"The creativity was crushed," he says of what Disney looked like when he arrived. "The filmmakers had lost their compass. So the movies came out and it was the same amount of people, the same amount of hard work, the same cost, and they were mediocre."
Lasseter decided Bolt would be made in 3D, ushering in a new age in film animation (Pixar's first 3D film, Up, is released later this year). Married with five children, Lasseter even had his wedding photos taken in 3D 20 years ago.
He grew up in LA and realised in high school what he wanted to do. "It was The Sword In The Stone," he says. "I was a freshman when that came out and it was the moment when I realised people make cartoons for a living. I went and saw it all by myself. My mum dropped me off and when I came out of that theatre and she picked me up, I sat in the car and said: 'I want to work for Walt Disney'."
His mother, an art teacher, encouraged him to write to the Disney studio, and when they set up an animation course in 1975, Lasseter was the second student admitted. "That's why I never wanted Pixar to be this club with limited membership, so when all the members die the club dies," he says. "I believe in learning from young talent."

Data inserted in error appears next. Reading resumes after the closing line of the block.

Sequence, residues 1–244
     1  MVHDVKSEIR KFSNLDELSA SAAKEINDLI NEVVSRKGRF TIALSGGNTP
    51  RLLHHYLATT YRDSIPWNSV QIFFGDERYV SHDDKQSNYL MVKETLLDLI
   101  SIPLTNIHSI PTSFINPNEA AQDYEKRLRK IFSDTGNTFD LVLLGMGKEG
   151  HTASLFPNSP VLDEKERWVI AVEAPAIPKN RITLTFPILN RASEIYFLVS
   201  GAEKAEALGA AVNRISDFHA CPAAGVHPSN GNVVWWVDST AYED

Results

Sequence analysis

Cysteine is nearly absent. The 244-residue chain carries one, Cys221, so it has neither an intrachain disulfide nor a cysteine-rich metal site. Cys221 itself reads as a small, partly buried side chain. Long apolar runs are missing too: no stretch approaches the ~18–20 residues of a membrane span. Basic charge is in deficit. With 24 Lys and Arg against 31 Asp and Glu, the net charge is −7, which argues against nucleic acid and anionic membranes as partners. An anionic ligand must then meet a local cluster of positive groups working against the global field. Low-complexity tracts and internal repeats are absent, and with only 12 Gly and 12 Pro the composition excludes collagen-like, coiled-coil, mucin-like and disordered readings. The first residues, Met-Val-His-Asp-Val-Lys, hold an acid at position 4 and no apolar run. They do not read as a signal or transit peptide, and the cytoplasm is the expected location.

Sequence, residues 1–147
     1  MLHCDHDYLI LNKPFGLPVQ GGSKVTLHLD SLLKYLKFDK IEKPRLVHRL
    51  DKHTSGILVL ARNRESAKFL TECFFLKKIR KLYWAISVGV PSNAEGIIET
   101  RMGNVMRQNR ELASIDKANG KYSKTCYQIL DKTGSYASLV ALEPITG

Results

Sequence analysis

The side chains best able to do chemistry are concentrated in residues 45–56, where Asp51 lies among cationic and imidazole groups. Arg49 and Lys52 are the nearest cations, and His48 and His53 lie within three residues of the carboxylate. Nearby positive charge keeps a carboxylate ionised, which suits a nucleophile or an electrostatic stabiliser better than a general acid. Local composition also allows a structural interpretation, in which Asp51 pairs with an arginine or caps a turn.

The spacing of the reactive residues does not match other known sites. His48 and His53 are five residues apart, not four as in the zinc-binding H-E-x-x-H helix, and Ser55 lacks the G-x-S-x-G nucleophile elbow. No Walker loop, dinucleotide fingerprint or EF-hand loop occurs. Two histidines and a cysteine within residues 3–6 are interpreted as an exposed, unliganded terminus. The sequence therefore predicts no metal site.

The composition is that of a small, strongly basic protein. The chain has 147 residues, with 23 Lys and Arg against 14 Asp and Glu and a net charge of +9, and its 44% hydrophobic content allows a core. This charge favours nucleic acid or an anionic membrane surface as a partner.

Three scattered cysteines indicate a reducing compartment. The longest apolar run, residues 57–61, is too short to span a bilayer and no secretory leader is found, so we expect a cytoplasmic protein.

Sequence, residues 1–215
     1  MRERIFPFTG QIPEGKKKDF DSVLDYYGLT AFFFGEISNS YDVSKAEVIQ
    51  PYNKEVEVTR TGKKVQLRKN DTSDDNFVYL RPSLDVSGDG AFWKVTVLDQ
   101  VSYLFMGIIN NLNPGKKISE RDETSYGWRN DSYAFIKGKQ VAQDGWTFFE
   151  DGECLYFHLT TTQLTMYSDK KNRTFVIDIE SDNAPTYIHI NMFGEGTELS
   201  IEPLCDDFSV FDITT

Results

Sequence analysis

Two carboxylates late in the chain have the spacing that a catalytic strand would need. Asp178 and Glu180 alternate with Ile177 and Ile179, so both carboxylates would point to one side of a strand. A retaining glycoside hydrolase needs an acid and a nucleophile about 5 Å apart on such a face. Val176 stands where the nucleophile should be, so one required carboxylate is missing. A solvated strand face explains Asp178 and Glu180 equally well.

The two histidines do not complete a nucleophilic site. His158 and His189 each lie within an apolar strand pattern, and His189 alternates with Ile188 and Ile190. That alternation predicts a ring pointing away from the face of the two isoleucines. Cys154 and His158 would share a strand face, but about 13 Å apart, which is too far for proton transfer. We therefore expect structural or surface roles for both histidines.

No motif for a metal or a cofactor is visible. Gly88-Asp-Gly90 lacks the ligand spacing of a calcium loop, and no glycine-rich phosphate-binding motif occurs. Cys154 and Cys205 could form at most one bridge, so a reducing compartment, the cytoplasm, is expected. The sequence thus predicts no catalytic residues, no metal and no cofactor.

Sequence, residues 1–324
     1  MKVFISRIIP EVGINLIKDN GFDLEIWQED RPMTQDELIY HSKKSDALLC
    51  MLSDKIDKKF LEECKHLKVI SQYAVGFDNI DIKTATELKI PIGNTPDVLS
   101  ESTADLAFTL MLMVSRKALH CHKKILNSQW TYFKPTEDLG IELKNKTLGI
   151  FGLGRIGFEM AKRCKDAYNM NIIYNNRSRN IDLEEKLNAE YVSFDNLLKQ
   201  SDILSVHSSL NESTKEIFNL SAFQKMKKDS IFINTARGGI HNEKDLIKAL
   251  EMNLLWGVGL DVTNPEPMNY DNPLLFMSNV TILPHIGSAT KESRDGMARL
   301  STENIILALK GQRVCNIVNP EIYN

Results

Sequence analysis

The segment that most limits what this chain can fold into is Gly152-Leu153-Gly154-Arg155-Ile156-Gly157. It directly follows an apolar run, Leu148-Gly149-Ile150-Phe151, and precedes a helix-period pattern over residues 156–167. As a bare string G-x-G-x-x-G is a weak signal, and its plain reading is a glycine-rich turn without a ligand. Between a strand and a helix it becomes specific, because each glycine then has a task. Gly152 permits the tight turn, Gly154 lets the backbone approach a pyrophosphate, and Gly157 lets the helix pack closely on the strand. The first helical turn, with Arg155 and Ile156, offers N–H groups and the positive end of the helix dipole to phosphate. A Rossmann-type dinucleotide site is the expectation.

After he graduated, Lasseter got his dream job as a Disney animator. But he was frustrated by the lack of creativity at the studio. One day he saw computer generated images for the first time, was blown away, and started talking about using them to animate. But his ideas were ignored and he began to be seen as a loose cannon. Not long after, he was fired.
With Bolt, Lasseter says, Disney once again has a film of which it can be proud. "The whole studio is feeling the satisfaction that comes from making a movie you can be proud of for the rest of your life," he says.
"This great thing happened to me in my home town. I met this family and they told me their grandmother worked on Snow White, and they were so proud. She was just a cell painter, the simplest level, but their pride was about how good Snow White is. I kept thinking, that's what I want the families of the people working at Disney and Pixar to say: 'My dad worked on Bolt'."
Bolt is released in 3D at selected cinemas on Friday, and hits regular screens on February 13